Author and family hiking expert, Jeff Alt, has created a book series that lets kids explore the history of national parks. Bubba Jones and his family have come to the Great Smoky Mountains to hike and camp. His younger sister, parents, aunt, uncle, cousin, and grandparents have all traveled to the mountains for a family vacation and for Papa Lewis to pass on a family legacy to his grandson. Bubba becomes the keeper of the family journal and the power to travel through time. Yes, you read that correctly, travel through time!
This special ability is passed to every other generation and is a carefully guarded secret. Using that power, Bubba and his family get to see incredible scenes from the park's past, and even times before the park was founded. Imagine if you could read an historical marker and decide to travel back and see the actual event. The Lewis family visits events like the dedication ceremony of the park and also goes back to see when elk and buffalo roamed the area. They also search for Papa Lewis's cousin Will. Papa hasn't seen him in 40 years, since the camping trip when his grandfather passed the journal and his time travel ability on to Papa Lewis.
Combining the present day adventures of hiking and camping with the historical trips gives the reader a wonderful introduction to the park. My students live within sight of the park, so many of the locations will be very familiar to them - names like Cades Cove, Sugarlands, Clingman's Dome, and Gatlinburg will conjure up personal memories of family trips to those spots. But the additional information about the Cherokee people, early settlers, and efforts to create the park will build on those experiences and generate a greater appreciation for our local heritage.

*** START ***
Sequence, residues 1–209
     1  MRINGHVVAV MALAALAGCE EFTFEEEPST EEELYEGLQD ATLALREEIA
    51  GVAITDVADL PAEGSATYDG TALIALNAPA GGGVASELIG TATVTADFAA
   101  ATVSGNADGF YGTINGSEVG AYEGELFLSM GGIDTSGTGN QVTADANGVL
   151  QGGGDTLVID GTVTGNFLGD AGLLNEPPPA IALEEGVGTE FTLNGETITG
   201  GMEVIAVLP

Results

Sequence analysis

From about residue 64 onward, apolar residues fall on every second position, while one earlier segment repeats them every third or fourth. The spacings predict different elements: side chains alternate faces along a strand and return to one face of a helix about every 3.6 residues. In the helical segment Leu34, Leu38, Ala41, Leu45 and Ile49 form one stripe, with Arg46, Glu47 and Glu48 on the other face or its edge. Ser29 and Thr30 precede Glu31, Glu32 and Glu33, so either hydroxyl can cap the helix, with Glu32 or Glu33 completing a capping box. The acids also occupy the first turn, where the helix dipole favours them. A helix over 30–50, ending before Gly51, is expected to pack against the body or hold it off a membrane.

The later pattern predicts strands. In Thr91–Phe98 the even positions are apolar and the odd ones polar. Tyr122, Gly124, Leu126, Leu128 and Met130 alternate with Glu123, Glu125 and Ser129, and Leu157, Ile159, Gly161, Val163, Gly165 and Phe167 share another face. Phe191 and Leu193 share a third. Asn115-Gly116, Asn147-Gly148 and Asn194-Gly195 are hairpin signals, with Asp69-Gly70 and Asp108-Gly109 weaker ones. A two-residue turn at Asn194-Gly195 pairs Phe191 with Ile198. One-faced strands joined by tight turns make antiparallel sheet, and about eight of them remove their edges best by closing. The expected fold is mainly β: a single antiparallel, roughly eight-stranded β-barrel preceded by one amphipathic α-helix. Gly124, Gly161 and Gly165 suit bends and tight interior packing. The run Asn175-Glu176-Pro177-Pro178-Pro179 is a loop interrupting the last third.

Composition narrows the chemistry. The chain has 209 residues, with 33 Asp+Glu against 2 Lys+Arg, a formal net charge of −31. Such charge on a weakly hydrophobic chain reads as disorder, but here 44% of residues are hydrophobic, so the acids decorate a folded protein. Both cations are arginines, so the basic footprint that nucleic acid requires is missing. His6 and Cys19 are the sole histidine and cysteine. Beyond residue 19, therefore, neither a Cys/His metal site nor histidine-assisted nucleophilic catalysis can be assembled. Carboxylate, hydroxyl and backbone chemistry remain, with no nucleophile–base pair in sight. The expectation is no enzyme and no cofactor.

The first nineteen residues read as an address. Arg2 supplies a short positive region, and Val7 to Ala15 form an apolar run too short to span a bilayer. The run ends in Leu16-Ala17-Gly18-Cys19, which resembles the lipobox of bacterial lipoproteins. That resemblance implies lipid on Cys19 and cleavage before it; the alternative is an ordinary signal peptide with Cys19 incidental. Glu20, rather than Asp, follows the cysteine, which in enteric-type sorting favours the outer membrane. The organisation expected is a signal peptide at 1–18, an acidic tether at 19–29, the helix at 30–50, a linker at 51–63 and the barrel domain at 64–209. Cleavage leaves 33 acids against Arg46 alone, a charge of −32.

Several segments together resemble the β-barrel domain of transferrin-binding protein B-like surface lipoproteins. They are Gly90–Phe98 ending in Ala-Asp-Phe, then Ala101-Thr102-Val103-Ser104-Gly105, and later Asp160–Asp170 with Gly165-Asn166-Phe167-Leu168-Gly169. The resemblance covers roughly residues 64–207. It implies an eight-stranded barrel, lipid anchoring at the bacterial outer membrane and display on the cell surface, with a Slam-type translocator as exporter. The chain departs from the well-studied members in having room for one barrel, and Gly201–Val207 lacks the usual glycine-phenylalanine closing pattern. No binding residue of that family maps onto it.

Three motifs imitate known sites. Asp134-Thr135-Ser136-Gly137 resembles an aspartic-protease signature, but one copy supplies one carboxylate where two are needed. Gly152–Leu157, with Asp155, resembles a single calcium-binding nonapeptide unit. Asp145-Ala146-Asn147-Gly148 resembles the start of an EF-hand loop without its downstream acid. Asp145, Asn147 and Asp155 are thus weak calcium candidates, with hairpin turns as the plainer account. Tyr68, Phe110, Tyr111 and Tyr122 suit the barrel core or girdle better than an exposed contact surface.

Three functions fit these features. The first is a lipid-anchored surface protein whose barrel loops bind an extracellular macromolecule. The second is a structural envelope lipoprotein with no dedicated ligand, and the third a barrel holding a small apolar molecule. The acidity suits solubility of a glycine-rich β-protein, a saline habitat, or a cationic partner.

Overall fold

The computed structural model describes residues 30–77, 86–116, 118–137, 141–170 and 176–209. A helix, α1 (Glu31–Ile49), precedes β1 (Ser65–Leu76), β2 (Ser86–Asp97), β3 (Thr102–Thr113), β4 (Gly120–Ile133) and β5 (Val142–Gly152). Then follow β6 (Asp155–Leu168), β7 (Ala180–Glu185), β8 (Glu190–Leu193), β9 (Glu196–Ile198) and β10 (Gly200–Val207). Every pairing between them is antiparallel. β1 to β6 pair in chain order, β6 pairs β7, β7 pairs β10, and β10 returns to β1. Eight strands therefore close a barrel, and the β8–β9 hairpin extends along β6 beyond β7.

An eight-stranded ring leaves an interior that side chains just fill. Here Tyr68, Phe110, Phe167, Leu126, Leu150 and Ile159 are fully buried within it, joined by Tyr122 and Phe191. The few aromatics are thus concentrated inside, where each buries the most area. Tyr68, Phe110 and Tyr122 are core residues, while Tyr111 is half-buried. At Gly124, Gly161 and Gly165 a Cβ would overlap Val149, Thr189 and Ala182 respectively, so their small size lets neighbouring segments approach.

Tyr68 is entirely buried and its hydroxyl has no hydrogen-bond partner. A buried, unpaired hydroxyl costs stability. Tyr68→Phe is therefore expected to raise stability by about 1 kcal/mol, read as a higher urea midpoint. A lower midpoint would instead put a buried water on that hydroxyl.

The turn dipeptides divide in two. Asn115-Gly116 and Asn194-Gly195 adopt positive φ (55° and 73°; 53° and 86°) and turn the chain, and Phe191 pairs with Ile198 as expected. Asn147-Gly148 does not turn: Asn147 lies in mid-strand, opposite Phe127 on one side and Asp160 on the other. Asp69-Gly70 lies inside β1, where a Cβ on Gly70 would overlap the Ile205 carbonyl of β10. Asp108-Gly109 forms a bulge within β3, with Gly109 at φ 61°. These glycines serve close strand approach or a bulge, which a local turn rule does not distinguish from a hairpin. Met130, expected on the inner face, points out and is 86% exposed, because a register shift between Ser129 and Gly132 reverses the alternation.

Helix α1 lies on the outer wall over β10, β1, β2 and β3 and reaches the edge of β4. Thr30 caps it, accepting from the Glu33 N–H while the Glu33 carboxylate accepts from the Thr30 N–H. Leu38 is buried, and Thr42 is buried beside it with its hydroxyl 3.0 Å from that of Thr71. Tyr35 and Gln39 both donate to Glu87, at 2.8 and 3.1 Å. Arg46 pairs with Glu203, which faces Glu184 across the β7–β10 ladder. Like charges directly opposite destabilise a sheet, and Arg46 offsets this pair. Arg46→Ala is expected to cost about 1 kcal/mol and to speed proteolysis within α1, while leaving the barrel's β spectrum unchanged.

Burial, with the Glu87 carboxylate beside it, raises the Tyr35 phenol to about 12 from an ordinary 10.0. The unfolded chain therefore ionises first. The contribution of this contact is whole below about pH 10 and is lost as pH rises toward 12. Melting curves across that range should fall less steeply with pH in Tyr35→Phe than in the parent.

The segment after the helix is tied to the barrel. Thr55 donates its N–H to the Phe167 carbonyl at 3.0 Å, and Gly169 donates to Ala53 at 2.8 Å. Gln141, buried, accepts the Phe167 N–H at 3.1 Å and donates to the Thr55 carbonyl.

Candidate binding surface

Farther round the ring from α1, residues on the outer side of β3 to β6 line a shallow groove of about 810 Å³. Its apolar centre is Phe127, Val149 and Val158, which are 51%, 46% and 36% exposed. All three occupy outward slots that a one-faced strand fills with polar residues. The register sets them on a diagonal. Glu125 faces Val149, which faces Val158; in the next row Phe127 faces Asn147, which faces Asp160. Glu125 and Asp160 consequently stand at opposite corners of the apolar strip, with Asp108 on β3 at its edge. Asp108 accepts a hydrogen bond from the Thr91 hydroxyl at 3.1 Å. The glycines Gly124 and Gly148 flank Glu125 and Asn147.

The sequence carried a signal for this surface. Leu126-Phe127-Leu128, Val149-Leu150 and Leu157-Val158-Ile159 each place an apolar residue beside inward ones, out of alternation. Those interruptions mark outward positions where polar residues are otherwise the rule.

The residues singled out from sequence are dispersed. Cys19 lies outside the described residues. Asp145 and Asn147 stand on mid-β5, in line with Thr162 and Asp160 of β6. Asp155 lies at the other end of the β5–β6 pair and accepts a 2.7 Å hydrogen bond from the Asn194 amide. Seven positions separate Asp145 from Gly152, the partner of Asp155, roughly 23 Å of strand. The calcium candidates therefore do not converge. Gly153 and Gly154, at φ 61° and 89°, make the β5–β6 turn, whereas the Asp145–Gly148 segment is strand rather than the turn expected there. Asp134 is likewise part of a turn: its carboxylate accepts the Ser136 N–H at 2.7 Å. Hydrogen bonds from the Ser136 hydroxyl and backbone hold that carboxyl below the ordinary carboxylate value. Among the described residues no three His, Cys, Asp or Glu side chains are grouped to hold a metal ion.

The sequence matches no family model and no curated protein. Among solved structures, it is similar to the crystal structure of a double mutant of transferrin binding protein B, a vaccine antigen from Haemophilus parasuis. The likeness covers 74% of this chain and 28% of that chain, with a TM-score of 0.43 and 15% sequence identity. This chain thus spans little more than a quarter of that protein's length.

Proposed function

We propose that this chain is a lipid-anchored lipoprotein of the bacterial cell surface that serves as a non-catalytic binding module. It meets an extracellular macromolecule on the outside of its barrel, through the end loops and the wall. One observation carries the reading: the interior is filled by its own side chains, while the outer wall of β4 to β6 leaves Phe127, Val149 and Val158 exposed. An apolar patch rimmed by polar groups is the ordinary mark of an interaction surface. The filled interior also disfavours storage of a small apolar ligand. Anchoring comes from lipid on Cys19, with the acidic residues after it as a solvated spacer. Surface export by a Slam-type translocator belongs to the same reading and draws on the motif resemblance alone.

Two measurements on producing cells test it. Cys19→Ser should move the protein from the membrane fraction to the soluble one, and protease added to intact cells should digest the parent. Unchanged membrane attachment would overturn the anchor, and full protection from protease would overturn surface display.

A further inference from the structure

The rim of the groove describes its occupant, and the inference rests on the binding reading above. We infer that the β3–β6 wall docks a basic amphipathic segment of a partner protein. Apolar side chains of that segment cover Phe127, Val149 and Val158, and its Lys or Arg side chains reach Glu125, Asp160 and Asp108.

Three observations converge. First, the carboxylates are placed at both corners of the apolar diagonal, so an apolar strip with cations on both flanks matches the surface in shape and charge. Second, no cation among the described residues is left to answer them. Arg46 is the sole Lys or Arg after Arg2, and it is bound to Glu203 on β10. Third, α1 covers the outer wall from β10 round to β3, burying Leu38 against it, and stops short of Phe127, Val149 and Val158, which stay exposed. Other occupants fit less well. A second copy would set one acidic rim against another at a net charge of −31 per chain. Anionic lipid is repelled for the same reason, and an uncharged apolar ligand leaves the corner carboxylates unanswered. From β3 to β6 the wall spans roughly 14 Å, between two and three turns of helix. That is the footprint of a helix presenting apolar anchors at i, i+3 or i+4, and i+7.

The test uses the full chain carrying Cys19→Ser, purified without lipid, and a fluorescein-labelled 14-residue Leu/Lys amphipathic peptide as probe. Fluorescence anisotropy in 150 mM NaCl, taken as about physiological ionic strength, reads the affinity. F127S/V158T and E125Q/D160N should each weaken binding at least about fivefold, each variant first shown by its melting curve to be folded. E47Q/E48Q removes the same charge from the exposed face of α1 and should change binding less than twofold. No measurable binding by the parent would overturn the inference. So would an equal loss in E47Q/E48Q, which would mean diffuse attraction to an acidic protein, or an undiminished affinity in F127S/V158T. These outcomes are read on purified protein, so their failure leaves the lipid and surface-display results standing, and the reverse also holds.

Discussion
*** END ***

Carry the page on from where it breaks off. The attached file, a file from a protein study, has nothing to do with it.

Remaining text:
I would recommend this book to families planning a trip to the park, those who are interested in outdoor stories, or readers who enjoy family stories in general. It would also be easy to build a novel study around this book and combine it with research into the national parks or early American expansion across the Appalachians. The author suggests topics of study in the curriculum guide, as well as providing discussion questions and a bibliography. There is also the added benefit of the title being part of a series; if readers enjoy this book, they can reach for the next one and continue on with Bubba to the next park he explores.
I received a copy of the book from the author for review purposes.
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